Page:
I’m finally at the point where I believe, along with my critique group, and a mentor I had, that I have two picture book manuscripts that are ready.  Really ready.  Like, actually edited and revised carefully over a couple years ready.  One I’ve been working on for four years, and may have been one I sent out before I knew what the heck I was doing!  

So, how do you search for agents? I used to belong to Julie Hedlund’s 12x12, and have a list of agents from my four years there, plus going through sites like

Look through the sites carefully, make sure you read everything about them, look for comps they represent, or, if not (and you should!!!) make sure it fits the genre and style they’re looking for (do’t be like me and send out “the best thing EVER” with no idea what they want!).

You loved it, they didn’t.

You wrote, revised, had critique  partner(s) look at it, revised again, and again, and you loved it!  But someone didn’t.

How dare they :)



A severe criticism (given politely, with helpful suggestions) can hurt.  Does hurt.  Even if you say it didn’t, and they’re wrong anyway, it still hurts.  Maybe even enough to make you want to quit.

But you can’t.

&nbsp; &nbsp; &nbsp; &nbsp; &nbsp; &nbsp; &nbsp; &nbsp; &nbsp; Do I have to keep going???&nbsp;

                  Do I have to keep going??? 

Writing is a journey with no real ending. And it really is!  I’ve talked to and listened to many authors, agents and editors.  If you want more than just one book, or one poem, published, there is no ending.  Sure, there are stopping points.  But, there’s always another hill to climb- or the same one, depending on how you look at this journey we’re on.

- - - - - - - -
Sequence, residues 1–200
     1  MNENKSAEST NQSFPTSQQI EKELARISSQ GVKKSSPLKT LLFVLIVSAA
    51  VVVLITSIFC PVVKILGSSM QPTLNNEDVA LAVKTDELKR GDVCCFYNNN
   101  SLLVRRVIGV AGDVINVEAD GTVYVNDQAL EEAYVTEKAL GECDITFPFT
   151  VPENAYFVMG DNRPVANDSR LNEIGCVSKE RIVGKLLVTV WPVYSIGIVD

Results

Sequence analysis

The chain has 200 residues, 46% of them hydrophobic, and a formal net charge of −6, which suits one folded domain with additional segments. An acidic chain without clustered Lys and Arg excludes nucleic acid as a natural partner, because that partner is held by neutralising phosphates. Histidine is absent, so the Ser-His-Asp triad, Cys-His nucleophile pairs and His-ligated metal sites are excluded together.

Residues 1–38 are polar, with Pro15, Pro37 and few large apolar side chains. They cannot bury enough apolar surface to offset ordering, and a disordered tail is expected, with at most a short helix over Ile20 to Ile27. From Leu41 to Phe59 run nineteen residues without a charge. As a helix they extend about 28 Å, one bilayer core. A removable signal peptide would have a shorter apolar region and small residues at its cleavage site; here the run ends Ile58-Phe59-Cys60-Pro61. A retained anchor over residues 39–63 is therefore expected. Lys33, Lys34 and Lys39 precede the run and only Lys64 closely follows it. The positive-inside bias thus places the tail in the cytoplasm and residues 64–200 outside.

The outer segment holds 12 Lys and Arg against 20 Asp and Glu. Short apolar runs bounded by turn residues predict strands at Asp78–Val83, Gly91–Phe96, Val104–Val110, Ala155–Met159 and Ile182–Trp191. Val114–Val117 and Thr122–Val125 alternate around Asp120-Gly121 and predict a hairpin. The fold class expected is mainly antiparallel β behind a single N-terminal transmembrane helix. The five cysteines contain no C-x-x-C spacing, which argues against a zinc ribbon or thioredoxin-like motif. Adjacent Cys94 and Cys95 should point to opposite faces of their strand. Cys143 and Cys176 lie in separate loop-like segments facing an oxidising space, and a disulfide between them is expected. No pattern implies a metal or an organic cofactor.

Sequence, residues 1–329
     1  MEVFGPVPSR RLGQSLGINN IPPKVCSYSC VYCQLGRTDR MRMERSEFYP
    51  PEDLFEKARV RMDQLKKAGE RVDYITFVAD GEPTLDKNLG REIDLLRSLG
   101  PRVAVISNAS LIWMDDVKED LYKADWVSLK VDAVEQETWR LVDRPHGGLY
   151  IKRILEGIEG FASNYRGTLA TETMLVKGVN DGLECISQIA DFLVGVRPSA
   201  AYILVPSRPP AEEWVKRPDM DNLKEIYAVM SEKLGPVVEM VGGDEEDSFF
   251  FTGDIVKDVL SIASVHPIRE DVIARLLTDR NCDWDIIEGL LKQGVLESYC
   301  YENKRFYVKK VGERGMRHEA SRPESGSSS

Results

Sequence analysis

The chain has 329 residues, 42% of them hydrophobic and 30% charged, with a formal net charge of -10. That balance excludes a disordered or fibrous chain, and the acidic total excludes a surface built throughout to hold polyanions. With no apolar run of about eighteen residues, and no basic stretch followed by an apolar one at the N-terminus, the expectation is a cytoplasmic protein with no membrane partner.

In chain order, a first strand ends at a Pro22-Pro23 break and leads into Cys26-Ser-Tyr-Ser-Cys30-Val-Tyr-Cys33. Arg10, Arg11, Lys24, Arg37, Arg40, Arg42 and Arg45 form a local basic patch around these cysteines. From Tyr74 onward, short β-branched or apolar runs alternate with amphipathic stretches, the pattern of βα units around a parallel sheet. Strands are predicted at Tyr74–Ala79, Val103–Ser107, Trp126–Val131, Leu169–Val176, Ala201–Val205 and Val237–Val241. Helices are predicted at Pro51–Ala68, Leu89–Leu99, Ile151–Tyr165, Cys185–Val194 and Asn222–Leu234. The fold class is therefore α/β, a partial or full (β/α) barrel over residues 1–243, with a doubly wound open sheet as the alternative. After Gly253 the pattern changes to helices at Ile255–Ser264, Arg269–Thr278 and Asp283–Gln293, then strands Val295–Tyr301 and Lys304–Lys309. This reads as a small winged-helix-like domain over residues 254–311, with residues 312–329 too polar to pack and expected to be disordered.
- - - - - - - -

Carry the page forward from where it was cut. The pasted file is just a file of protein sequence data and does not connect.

This is a journey with many bumps and bruises, raging rivers to cross when the bridge is out, and thunderstorms to take cover from (anyone annoyed by that preposition at the end?  It’s truly okay to be there. It’s nothing to be afraid of...).

But, you can begin a sentence with a conjunction, and you must also get up, dust yourself off, dry off from the raging river, recover from that lightning strike, put your backpack on (or get back in the RV), and continue on your way.

If you write, you are a writer.  There truly is no end to your journey.  Just stopping points.  Some good, some bad.  Okay, many bad, but the good ones make it worthwhile.  Whether the good ones are extrinsic, or intrinsic (and THOSE are the ones that matter the most), they over power  the bad, and they keep us going.